I currently have 2 Paradox Hazes in play. I then play Serenity during my turn. During my next turn, am I correct in that Paradox Haze would trigger first because it was played first and then Serenity would destroy Paradox Haze, allowing me to keep the extra upkeep for the turn.
I found the following here that indicates that I get to chose the order that my cards trigger if both have a begin at phase trigger. With that said, I believe I could choose to activate Serenity first to negate the effect of my Paradox Haze. Is this logic valid?
The basic rule of thumb is: first resolve
upkeep abilities controlled by your opponent in any order he or she chooses,
then resolve upkeep abilities controlled by you in any order you choose.
No, you are wrong. The three triggers (two paradox haze and one serenity) would trigger at the same time. Since you control all of those effects, you can choose the order. No matter how you choose the order, you get in any case a total of three upkeeps and your enchantments and artifacts will get destroyed.
It only really matters if you have other artifacts or enchantments in play that trigger at the beginning of your upkeeps. If you have the serenity resolve first, those will get destroyed, before the haze resolve, thus trigger only once. If you have the serenity resolve last, you get additional triggers from those other permanents, since you get your additional upkeeps before the serenity resolves.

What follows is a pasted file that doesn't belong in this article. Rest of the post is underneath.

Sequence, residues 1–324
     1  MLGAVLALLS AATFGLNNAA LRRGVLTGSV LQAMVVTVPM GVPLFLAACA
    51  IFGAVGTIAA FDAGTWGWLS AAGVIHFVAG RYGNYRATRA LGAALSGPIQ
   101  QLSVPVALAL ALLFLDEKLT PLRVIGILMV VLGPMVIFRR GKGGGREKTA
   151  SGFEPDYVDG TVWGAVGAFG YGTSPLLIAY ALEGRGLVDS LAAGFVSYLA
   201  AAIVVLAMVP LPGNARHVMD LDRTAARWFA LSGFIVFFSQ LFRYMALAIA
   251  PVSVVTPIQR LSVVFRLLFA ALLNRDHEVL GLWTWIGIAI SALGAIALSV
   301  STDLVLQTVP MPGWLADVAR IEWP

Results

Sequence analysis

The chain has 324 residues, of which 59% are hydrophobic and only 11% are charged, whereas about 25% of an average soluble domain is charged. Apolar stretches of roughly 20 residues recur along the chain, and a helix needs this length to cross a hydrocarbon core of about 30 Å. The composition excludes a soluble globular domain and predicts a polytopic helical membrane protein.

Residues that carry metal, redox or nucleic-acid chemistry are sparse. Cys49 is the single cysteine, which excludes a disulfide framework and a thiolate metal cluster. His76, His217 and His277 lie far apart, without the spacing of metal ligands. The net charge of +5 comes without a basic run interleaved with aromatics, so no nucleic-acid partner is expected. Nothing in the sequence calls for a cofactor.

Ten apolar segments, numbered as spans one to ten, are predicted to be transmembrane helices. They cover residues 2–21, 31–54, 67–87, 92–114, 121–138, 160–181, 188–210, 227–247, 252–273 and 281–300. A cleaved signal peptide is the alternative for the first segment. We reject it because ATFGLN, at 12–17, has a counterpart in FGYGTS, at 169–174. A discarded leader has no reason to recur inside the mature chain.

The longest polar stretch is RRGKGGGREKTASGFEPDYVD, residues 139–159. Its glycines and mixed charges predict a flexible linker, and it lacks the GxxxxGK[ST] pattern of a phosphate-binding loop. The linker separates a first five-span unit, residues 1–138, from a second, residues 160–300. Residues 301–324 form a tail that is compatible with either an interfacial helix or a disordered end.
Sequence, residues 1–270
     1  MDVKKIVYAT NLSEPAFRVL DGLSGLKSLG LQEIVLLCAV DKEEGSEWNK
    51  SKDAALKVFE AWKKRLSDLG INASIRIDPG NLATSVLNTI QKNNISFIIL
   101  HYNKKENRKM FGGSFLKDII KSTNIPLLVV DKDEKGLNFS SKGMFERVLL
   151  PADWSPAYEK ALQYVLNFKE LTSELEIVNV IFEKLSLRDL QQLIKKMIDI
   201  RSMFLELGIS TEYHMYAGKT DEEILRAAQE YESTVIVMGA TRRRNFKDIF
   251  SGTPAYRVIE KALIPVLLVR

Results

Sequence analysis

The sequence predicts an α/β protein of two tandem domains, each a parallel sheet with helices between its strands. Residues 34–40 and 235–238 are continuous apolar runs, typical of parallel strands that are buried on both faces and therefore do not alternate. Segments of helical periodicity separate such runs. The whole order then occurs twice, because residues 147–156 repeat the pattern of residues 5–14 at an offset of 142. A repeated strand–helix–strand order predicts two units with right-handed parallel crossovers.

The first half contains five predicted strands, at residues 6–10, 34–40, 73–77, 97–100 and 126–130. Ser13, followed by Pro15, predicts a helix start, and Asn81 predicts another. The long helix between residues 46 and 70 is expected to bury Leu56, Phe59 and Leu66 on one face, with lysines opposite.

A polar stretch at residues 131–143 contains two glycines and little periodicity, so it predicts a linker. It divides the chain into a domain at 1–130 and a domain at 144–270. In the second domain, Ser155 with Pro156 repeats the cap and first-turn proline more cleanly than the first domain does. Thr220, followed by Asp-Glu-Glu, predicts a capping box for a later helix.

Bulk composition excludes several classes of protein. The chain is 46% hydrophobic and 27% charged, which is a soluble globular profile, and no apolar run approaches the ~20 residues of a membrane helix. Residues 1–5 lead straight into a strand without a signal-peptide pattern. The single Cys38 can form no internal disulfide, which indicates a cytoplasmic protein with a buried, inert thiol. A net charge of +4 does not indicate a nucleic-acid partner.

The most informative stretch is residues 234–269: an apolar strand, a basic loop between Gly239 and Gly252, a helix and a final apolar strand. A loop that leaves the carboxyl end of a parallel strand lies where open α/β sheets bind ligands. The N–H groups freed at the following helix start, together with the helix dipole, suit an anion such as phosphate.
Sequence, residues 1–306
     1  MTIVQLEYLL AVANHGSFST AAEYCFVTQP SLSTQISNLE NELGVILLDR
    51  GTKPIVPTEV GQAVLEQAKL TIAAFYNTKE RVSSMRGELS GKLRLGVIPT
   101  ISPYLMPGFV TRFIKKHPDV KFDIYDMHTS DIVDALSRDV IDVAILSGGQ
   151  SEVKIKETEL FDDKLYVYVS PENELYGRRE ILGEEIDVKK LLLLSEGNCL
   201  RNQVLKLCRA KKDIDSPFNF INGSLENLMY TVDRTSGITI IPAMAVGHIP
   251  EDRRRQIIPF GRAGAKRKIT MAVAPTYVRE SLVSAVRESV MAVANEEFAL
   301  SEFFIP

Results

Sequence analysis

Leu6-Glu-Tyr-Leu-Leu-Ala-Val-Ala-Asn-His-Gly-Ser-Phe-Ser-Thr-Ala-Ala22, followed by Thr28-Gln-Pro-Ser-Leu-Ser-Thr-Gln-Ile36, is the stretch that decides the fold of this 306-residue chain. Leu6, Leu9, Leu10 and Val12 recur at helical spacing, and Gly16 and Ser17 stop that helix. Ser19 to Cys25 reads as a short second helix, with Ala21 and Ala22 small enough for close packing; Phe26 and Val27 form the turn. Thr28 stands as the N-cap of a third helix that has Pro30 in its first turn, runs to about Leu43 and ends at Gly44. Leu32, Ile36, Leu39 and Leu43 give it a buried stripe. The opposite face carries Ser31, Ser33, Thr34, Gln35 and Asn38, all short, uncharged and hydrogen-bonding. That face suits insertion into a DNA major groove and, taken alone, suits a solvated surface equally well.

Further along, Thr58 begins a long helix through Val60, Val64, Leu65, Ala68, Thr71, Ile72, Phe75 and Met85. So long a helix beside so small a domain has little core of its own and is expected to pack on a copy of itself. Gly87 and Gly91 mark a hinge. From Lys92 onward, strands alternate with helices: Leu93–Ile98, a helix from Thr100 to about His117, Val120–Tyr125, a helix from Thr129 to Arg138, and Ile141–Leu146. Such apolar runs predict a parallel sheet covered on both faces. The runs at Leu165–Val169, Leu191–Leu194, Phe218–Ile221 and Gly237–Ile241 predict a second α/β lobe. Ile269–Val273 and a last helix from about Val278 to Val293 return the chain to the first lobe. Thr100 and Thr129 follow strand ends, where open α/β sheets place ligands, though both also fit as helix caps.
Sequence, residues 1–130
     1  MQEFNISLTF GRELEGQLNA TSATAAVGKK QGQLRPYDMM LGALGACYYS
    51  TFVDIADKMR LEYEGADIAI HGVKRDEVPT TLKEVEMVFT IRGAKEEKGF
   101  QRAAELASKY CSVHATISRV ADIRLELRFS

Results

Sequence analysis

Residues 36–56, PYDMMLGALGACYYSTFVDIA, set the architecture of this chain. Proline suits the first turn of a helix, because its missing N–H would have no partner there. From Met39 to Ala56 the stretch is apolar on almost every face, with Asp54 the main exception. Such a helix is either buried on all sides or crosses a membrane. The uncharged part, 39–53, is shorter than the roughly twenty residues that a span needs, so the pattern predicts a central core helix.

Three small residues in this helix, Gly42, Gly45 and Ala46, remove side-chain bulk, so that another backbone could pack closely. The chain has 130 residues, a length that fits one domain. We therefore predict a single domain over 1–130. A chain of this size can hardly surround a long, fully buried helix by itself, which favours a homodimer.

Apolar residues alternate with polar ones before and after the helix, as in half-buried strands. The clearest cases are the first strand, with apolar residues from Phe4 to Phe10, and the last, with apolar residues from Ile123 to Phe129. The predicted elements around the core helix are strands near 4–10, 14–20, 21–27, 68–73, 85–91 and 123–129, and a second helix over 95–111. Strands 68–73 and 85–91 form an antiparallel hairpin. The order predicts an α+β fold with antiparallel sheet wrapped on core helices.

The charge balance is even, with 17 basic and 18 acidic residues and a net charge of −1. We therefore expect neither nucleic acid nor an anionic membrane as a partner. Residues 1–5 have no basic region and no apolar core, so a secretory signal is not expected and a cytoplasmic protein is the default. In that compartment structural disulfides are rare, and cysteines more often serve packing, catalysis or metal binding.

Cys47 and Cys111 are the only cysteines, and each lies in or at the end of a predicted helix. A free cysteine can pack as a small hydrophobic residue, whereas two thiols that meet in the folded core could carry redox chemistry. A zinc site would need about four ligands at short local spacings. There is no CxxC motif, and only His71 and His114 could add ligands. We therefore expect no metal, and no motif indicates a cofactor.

Not quite. Paradox Haze gives you a second upkeep after your first one, not when its ability resolves. If you have other artifacts or enchantments with upkeep triggers, the manner in which you stack the triggers won't matter, as Serenity will destroy everything in the first upkeep phase. Then, after both players pass priority, you will get a second upkeep phase.
The abilities of permanents resolve independantly of their source, so once they're on the stack, they will resolve even if their source has been destroyed.
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If your question is "What would a judge do is this situation?", only one person's answer is relevant, and that is the Head Judge at your event. I can quote the rules, but I don't know your HJ.